The Bulgarian Crew present to you a guest feature written by one of UCL’s very own, Gergana Marincheva. Read on to explore a personal experience of an individual who has arrived in London from one of the most culturally rich parts of Bulgaria, Ruse.
Water has always been the key element of life. Whether we talk about the earliest origin of life or earliest forms of civilizations, water has played a crucial role for these developments.
My story begins in a similar way – I was born in a Bulgarian riverside town called Ruse, which is small compared to London, but the largest on the Bulgarian bank of Danube. The river has played an important role to the development of the city, which is signified by its rich history – Ruse had huge influence on shaping the country’s infrastructure and trade relations with Europe, as well as the world. Its beautiful Neo-Baroque and Neo-Rococo architecture impress tourists from all over the world and has won its title “Little Vienna”. In fact, some historical landmarks date as far as the Roman empire, when Ruse played a pivotal role as a Roman military and naval center – “Sexaginta Prista”, or “city of 60 ships”.
When I was a kid I admired the river – with its slow and magnificent flow, the Danube brought me tranquility and inner peace. Some of my most profound childhood memories bring back cozy feelings of meeting my dearest friends on the pier – only to sit and admire the picturesque scenery over long talks. But my city is not just beautiful and peaceful, right outside of it is one of the biggest transport links in the country – The Danube Bridge, which connects Bulgaria and Romania. Also within the city, you can find buzzing squares where the people of all ages meet. On some evenings, tourists from all over Europe cruise down the Danube to explore Ruse’s rich culture and monuments.
Almost 4 years ago something great happened to me – I was accepted into a university within the heart of the biggest English-speaking city in Europe, in London! Needless to say, I had my doubts and concerns about moving to such a big and multicultural place. But what I found, was actually something I had longed for all my life – a richer mixture of cultures and lifestyle. At first, the size of the city and the variety was a bit overwhelming, but ultimately I found that this is an even better fit for me than my small peaceful hometown.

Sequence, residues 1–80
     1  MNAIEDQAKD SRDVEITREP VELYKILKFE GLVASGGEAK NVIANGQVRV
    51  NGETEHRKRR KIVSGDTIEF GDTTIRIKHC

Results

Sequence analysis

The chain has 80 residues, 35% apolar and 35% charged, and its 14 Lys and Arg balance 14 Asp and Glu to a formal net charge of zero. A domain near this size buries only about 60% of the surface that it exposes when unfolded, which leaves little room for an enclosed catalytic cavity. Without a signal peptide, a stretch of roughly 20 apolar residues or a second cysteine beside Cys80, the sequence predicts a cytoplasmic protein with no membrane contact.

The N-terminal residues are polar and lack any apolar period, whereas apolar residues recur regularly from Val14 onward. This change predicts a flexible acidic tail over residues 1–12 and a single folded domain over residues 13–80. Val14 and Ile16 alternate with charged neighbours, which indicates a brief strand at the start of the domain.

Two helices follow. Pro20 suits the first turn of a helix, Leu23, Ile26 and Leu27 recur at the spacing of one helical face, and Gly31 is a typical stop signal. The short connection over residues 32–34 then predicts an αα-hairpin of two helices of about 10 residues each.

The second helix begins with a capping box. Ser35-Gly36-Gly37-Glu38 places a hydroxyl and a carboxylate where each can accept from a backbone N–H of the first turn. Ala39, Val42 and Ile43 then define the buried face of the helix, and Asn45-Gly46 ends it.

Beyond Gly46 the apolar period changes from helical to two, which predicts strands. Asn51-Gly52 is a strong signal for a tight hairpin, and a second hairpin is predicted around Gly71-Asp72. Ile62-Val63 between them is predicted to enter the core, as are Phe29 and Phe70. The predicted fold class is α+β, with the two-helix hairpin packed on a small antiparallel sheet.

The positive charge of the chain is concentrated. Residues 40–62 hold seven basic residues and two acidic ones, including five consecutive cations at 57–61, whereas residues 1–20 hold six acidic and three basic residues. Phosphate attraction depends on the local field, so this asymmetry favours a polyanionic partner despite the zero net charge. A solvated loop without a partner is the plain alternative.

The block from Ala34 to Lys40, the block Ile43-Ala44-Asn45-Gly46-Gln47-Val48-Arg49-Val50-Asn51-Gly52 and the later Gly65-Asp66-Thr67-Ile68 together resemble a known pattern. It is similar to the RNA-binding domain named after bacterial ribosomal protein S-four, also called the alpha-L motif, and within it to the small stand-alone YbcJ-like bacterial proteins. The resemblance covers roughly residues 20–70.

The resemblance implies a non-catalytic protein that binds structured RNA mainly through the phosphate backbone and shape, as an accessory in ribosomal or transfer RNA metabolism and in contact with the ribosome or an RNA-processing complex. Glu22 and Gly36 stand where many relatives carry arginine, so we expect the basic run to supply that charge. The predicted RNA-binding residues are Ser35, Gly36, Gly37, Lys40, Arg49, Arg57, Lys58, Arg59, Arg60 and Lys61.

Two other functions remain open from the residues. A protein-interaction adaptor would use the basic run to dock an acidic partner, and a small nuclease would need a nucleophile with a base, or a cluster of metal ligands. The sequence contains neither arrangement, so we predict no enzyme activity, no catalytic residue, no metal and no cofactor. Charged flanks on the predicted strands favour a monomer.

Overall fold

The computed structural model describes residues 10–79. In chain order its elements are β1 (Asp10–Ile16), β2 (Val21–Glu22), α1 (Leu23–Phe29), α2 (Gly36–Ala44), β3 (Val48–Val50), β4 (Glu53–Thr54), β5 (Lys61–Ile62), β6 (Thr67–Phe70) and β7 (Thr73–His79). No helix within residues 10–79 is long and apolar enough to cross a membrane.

Although, both Ruse and London are situated on a river, the feeling you get when you’re living in a river town or city is of a quite different magnitude and nature. When you are in London, you get used to crossing the Thames daily or just admiring the beautiful city from one of the bridges. You get this warm sensation of exploring something new, but still familiar, still within the city vibe – the river brings together both sides and ties London into uniformity. On the other hand, in my hometown, it’s totally different. Looking across the river you get a sensation of difference and bewilderment – on the other bank is Romania – another country with its own history and culture. The Danube has always been the border which divides, so the occasional boat ride brought an unknown feeling of joy, together with a different view of the two cities on both sides of the Danube.
Moving to London almost 4 years ago was one of my best decisions. London never seizes to amaze me; every neighborhood, every park, every square has something new to offer, something beautiful to admire! And let’s face it – all the different people you meet here, is the best experience you can get from the city. Everyone has their own, unique story which eventually ties together with the spirit of London – in the same way that mine does. And in this way, Thames not only brings together people of the entire city, but people from all across the world.